2014: Half a million satisfied page views

Yes, I have half a million page views. Not bad for someone who only has 650 Twitter followers.

My page views increased from last year, but not by a whole lot. I had 42% more views in the first half of the year, but was down 22% for the second half. As I mentioned, I had an insanely busy first semester, teaching two brand new classes (one not math) and mentoring two teachers. I only had 3 posts in November, and one lonely post in October. I’d hoped to write 72 posts (6/month); in fact I averaged just fewer than 4 posts a month, at 45. That accounts for most of the drop off.

But I also didn’t have the huge posts that I had last year. At the bottom of this post is a list of my top posts overall (1500 views or more).
Here are the top posts I wrote this year (over 1000 views):

Just a Job 2831
The Dark Enlightenment and Duck Dynasty 2527
Strategizing Horror 2027
Encylopedia of Ed, Part I: Things Voldemortean 1802
Ed Schools and Affirmative Action 1776
The Available Pool 1721
Timothy Lance Lai: Reading Between the Lines 1588
College Confidential and Brain Dumping the SAT 1575
SAT’s Competitive Advantage 1392
Reading in the Gulag of Common Core 1236
Finding the Bad Old Days 1224
A Talk with an Asian Dad 1156
Memory Palace for Thee, but not for Me 1128
Multiple Answer Math Tests 1086
Parents and Schools 1067
Math Instruction Philosophies: Instructivist and Constructivist 1022
Why I Blog 1016
Advanced Placement Test Preferences: Asians and Whites 1008

In all, 41 posts out of the 244 got over one thousand views in 2014 alone (not counting views from prior years).

Compared to last year, I had far fewer big posts. Compared to posts written in prior years, this year’s posts did far less business. Also, the disappearance of both Who Am I and About from my top posts means I had far fewer new readers.

I’m not bothered by this. First, I chose a bunch of esoteric topics. Fox, dammit, not hedgehog. Second, as I said, I had an incredibly busy second half of the year.

Third, when I did have time to write, I spent all the time researching. These pieces consumed well over hundreds of hours of googling and reading:

Only three of them made my top posts. Meanwhile, I knocked out The Dark Enlightenment and Duck Dynasty in 2 hours one very late evening and it hits second place. Again, I’m not complaining. If Steve Sailer or Charles Murray isn’t interested in a post, it’s unlikely to get big numbers on the first viewing.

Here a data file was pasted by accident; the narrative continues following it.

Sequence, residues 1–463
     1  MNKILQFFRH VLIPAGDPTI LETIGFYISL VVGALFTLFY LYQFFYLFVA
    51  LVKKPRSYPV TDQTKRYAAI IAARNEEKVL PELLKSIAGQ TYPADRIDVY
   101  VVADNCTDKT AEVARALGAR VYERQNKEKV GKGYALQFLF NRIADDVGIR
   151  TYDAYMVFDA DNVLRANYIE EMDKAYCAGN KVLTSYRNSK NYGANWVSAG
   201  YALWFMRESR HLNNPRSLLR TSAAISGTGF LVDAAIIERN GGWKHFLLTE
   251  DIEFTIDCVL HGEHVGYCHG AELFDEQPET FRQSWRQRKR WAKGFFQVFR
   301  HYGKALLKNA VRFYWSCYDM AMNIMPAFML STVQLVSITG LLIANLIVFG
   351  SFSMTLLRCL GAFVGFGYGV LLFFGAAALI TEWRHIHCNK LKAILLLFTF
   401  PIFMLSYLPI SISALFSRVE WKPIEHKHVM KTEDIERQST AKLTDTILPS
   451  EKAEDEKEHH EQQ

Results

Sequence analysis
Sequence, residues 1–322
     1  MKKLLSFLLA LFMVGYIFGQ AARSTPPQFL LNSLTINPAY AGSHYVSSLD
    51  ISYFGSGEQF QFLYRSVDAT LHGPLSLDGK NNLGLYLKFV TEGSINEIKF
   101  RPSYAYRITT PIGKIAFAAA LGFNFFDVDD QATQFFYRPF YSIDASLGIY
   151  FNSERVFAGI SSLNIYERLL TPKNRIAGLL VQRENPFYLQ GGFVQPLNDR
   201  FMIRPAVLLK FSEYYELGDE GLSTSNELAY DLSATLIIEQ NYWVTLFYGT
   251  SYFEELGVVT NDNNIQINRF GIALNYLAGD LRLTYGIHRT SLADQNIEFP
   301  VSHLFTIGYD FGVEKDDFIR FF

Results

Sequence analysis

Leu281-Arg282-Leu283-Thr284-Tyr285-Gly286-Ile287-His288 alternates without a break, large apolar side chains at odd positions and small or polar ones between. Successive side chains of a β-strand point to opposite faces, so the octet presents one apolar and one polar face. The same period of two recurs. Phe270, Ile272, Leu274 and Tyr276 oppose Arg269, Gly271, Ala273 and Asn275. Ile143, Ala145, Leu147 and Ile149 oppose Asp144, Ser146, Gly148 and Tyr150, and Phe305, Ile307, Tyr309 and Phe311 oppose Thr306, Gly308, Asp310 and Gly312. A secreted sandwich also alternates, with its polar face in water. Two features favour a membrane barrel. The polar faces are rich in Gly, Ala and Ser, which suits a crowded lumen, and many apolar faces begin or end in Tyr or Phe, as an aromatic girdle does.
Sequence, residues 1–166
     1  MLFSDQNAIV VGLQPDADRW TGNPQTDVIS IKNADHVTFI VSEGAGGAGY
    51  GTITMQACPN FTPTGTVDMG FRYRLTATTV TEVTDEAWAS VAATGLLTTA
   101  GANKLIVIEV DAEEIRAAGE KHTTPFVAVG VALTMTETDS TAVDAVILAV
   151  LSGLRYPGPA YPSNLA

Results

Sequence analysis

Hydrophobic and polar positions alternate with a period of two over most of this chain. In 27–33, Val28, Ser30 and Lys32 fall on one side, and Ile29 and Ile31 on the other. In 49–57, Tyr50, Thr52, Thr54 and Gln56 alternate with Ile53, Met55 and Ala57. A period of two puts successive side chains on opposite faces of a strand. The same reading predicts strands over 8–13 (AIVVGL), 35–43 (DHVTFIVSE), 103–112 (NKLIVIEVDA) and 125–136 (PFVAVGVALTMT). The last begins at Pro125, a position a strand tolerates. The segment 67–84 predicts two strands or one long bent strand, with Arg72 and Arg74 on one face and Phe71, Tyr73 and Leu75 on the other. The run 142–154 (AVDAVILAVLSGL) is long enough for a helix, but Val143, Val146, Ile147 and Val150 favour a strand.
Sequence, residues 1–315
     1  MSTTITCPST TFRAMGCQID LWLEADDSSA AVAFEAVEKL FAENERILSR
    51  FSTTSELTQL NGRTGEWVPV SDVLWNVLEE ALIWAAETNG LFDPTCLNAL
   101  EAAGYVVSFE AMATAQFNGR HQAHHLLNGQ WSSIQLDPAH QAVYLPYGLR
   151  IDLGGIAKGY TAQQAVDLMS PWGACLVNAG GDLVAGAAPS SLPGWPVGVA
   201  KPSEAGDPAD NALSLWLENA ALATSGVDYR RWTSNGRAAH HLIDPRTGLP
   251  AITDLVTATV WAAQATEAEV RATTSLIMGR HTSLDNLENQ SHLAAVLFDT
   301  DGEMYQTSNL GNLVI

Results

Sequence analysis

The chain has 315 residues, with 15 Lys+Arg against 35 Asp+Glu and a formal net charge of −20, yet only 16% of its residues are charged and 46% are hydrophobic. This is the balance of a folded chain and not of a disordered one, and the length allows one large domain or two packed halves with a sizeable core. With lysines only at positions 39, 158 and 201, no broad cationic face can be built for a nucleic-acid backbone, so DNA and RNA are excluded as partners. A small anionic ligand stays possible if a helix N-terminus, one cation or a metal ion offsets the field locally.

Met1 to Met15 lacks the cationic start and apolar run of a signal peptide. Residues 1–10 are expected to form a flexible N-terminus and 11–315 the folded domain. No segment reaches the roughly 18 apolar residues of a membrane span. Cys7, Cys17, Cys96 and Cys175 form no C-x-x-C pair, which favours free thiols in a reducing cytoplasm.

I also didn’t spend much time on pedagogy this year, and that’s something I vow to change in the upcoming year. I have all sorts of topics that I don’t think of as much because I’m teaching advanced math. The following pedagogy posts got at least 1000 views, got more readers this year than last, despite being over 2 years old, and three of them made my top posts for the year:

Multiple Answer Math Tests, written this year, also got over 1000 views, and a lot of my older curriculum work gets close to 1000 views.

This reinforces a pattern I’ve seen for over two years: Google likes my blog, and teachers like my curriculum. Teachers are not a big part of my regular reader base, but they seem to find my work and if they didn’t like it, google would know somehow. I can’t tell you how pleased I am that teachers might be finding my pedagogy useful.

I am also reminded that the teacher tales, which I consider some of my best work, are not google friendly. Teachers really like my stories, but since they aren’t part of my regular base, they don’t often stumble across my work. I’m not sure how to address this—I mean, how often does someone think “Hmm, I want to google some fun teacher stories!”?

In the meantime, I thought my Teacher Tales from this year were very good. Hey. Maybe I could do a page. Huh.

I will update my Encyclopedia of Ed pages pretty soon–it’s clear they are getting some use, which is nice.

Finally, the second half of this year did see some disillusionment on my part. Not with teaching, or with writing, but with the realization of just how many people in education reform are poseurs, and yet are treated as experts simply because they’ve got an employer claiming they are. I thought I was cynical to begin with, but at this point I’ve become exhausted realizing just how many people are just flat out regurgitating opinions that their employer pays them to have.

On to year 4.

Posts getting over 1500 views this year:

Asian Immigrants and What No One Mentions Aloud 8577 2013
Homework and grades. 3590 2012
The Dark Enlightenment and Me 3058 2013
Binomial Multiplication and Factoring Trinomials with The Rectangle 2524 2012
SAT Prep for the Ultra-Rich, And Everyone Else 2490 2012
Algebra and the Pointlessness of The Whole Damn Thing 2419 2012
Core Meltdown Coming 2317 2013
The Dark Enlightenment and Duck Dynasty 2527 2014
The Gap in the GRE 2213 2012
College Admissions, Race, and Unintended Consequences 2151 2013
Strategizing Horror 2027 2014
Philip Dick, Preschool and Schrödinger’s Cat 1818 2013
Encylopedia of Ed, Part I: Things Voldemortean 1802 2014
Ed Schools and Affirmative Action 1776 2014
The Available Pool 1721 2014
Teaching Algebra, or Banging Your Head With a Whiteboard 1640 2012
Timothy Lance Lai: Reading Between the Lines 1588 2014
Kicking Off Triangles: What Method is This? 1554 2012
College Confidential and Brain Dumping the SAT 1575 2014